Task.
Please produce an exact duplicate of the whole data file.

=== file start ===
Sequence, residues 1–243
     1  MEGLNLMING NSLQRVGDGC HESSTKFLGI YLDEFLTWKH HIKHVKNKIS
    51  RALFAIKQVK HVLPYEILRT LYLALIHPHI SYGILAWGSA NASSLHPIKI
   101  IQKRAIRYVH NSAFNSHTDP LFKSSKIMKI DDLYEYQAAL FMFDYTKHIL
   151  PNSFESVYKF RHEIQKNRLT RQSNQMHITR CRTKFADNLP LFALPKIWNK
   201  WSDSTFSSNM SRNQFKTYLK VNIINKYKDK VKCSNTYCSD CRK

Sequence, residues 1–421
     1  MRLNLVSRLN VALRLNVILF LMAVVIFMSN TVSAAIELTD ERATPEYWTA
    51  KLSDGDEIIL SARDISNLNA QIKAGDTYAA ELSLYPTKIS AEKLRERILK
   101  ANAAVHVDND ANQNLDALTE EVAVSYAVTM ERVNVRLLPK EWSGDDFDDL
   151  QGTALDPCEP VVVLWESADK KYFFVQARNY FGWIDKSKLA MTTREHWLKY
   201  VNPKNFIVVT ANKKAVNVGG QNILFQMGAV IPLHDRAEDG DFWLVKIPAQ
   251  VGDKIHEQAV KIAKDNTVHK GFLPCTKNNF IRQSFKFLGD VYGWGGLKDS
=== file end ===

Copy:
Sequence, residues 1–243
     1  MEGLNLMING NSLQRVGDGC HESSTKFLGI YLDEFLTWKH HIKHVKNKIS
    51  RALFAIKQVK HVLPYEILRT LYLALIHPHI SYGILAWGSA NASSLHPIKI
   101  IQKRAIRYVH NSAFNSHTDP LFKSSKIMKI DDLYEYQAAL FMFDYTKHIL
   151  PNSFESVYKF RHEIQKNRLT RQSNQMHITR CRTKFADNLP LFALPKIWNK
   201  WSDSTFSSNM SRNQFKTYLK VNIINKYKDK VKCSNTYCSD CRK

Sequence, residues 1–421
     1  MRLNLVSRLN VALRLNVILF LMAVVIFMSN TVSAAIELTD ERATPEYWTA
    51  KLSDGDEIIL SARDISNLNA QIKAGDTYAA ELSLYPTKIS AEKLRERILK
   101  ANAAVHVDND ANQNLDALTE EVAVSYAVTM ERVNVRLLPK EWSGDDFDDL
   151  QGTALDPCEP VVVLWESADK KYFFVQARNY FGWIDKSKLA MTTREHWLKY
   201  VNPKNFIVVT ANKKAVNVGG QNILFQMGAV IPLHDRAEDG DFWLVKIPAQ
   251  VGDKIHEQAV KIAKDNTVHK GFLPCTKNNF IRQSFKFLGD VYGWGGLKDS